Despite the cost of competitiveness of rail than road transport, volume growth in transit cargo, best suited for transport by rail and destined for landlocked Malawi, continues to remain low.
According to the Nacala Corridor and Port Performance Assessment Report of February 2018, the underutilisation of the corridor threatens 12 390 jobs.
The performance assessment, which has been at the request of the United States Agency for International Development Mozambique Mission, in Malawi, the cost savings for the year 2020, resulting from switching to rail, amount to nearly $4.2 million.
However, the total volume growth of transit cargo has been less than impressive, growing at an average annual growth rate of just 1.7 percent from 2007 to 2016 while transit cargos to Malawi dropped from 22.5 percent of total volumes to 15.2 percent or less over this period.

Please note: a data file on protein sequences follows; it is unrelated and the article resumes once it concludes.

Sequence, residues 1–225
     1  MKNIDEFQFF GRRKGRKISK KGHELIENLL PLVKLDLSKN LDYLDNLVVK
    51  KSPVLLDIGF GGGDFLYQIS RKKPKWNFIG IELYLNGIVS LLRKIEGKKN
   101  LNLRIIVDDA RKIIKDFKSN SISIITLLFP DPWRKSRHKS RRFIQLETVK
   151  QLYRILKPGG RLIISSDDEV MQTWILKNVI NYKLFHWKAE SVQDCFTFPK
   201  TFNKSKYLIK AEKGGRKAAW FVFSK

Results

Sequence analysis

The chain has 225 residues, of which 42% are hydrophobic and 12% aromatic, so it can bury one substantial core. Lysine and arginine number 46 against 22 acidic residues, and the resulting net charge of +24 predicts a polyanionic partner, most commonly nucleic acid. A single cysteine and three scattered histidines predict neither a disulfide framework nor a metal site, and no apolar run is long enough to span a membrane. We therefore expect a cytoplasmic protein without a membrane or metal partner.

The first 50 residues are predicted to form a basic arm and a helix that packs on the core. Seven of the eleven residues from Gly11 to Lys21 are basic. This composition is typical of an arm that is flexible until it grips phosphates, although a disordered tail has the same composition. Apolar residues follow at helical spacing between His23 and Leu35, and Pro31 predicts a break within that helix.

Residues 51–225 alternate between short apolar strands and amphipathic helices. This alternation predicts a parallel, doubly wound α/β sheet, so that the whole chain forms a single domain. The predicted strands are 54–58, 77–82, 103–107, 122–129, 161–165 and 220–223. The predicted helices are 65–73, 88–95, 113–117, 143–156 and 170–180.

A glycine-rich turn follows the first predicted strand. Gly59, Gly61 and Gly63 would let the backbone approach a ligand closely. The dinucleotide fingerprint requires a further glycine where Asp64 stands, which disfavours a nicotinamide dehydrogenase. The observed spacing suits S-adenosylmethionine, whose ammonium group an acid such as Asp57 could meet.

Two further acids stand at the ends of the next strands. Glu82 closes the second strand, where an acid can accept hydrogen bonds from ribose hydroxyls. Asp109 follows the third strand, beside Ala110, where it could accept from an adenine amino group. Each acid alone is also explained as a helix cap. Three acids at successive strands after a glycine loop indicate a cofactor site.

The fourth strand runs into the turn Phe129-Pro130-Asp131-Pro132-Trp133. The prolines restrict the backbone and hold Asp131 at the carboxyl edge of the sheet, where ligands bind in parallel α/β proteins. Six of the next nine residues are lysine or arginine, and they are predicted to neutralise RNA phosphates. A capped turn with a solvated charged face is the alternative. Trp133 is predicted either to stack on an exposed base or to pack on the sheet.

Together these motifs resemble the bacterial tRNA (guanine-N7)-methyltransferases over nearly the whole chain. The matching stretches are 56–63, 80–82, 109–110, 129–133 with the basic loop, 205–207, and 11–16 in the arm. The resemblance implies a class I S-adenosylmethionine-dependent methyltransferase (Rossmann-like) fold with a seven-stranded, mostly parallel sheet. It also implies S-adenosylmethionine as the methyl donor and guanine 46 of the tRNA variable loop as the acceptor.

In contrast to overall traffic volumes, transit traffic remained more or less the same from 2014 to 2016.
“It is projected that this surplus production will lead to the creation of 12 390 jobs and the additional income per worker or smallholder producer for each job created is estimated to be $180 with the sugar sub-sector benefitting the most,” reads the report in part.
Central and Eastern Africa (Cear) communications manager Chisomo Mwamadi said in terms of marketing the corridor, the company is erecting warehouses at origin and sources, reducing freight rates as well as beefing up high security for transit cargo in a bid to improve utilisation.
Ministry of Transport and Public Works spokesperson James Chakwera recently said Malawi is pushing for improved utilisation of the corridor to ease dependence on roads.
For Malawi, Nacala Corridor provides short access to the sea. The Corridor stretches from Chipata, Zambia, passing through Liwonde in Malawi to the Indian Ocean.
Malawi will be earning $50 million per year through concession fees, and the fruition of this project could mean the country would increase its imports and exports and reduce the cost of transportation.